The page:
2010 Tank Truck Plate is Full
May 1, 2010 12:00 PM, By John Conley
THOSE of us in the trade association business sometimes wonder: “What will we do if there are no real issues in our industry? Will our members still support their trade association representatives in Washington?”
Thanks to the Obama Administration, Congress, and a recovering economy, our industry's issue plate is full. We will all need to work together to keep the industry safe, secure, productive, and perhaps even profitable.
Let's start with some good news. The first four months of this year have seen a slow but steady increase in chemical shipments. One month's uptick might be an anomaly, but four months indicates that our customers' customers are getting ready to produce things again. It is an old but true adage that the tank truck industry is among the first segments of the trucking industry to see a recession coming and the first to see one easing. We like building inventories rather than watching them drip away.
In fact, we are starting to hear from carrier members who are experiencing a shortage of drivers and even of equipment as demand increases. The “shooting fish in a barrel” rate structure our shippers have enjoyed the last two years might actually be starting to improve for the fish. Of course, an increase in chemical shipments will mean more tank trailer cleanings, hopefully, followed soon by growing tank trailer equipment order boards.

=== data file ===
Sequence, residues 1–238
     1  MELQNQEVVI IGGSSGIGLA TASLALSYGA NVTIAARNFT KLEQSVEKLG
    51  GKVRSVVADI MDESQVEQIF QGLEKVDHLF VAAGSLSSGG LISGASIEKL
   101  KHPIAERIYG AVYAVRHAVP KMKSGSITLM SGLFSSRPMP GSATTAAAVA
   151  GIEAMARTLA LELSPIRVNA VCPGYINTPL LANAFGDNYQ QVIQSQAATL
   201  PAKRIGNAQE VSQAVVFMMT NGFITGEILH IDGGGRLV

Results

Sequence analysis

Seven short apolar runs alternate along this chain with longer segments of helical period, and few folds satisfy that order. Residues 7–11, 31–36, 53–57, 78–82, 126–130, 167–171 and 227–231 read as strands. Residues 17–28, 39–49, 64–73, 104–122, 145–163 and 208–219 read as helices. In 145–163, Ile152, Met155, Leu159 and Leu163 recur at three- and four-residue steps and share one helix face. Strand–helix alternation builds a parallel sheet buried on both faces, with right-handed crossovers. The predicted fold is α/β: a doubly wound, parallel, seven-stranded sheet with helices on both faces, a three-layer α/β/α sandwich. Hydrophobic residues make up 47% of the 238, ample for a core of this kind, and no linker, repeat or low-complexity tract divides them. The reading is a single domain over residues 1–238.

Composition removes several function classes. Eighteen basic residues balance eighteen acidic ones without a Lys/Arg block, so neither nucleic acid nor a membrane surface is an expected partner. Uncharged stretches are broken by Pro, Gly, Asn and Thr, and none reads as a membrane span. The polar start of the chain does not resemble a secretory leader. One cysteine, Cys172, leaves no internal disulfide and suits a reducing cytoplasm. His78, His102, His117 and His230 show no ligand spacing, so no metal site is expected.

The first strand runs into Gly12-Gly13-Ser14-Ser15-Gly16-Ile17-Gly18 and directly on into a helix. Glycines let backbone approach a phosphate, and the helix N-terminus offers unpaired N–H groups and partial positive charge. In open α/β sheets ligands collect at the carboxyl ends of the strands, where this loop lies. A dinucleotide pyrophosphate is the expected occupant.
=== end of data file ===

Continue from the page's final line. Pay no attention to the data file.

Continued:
The news is not so good for our cement and dry bulk sector as all of the “shovel ready” projects the stimulus was going to spur seem to require little more than a garden spade. Let's hope that the hot air and dollars generated in Washington DC soon will turn to concrete and asphalt on our nation's tired highways and bridges. We do hear that those dry bulk carriers that support the oilfields are seeing more demand. Who knows what the terrible Gulf of Mexico oil release and $4 a gallon gasoline will do to stimulate looking for oil the old fashioned way — in the ground?
On the regulatory side, issues impacting the various segments of the tank truck industry grew faster than the weeds on my lawn over the past few months. “Wetlines” has been quiet but will soon erupt again like the volcanoes in Iceland. The House of Representatives Transportation and Infrastructure Committee continues to vilify and attack the committed safety professionals at the Pipeline and Hazardous Materials Safety Administration (PHMSA). Among the weapons on that cabal's scorched earth ambush is wetlines.
Thanks to the efforts of NTTC members who came to Washington to appear before Congress and many “letters from the folks back home,” we have thus far been able to make a very bad bill less onerous. I do not think we will see “wetlines” legislation pass the Congress this year. However, PHMSA will issue a proposed wetlines ban regulation sometime this fall. I do not believe the agency is convinced such a regulation is needed, but I understand why they are acting in “self-defense.”
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